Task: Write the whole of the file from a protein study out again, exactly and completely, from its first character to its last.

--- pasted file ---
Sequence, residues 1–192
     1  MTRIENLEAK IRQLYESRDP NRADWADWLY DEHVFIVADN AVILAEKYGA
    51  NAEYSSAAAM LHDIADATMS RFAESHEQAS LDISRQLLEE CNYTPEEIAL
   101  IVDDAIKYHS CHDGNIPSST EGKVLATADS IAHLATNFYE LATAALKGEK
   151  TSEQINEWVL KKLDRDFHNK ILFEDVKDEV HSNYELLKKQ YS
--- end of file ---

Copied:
Sequence, residues 1–192
     1  MTRIENLEAK IRQLYESRDP NRADWADWLY DEHVFIVADN AVILAEKYGA
    51  NAEYSSAAAM LHDIADATMS RFAESHEQAS LDISRQLLEE CNYTPEEIAL
   101  IVDDAIKYHS CHDGNIPSST EGKVLATADS IAHLATNFYE LATAALKGEK
   151  TSEQINEWVL KKLDRDFHNK ILFEDVKDEV HSNYELLKKQ YS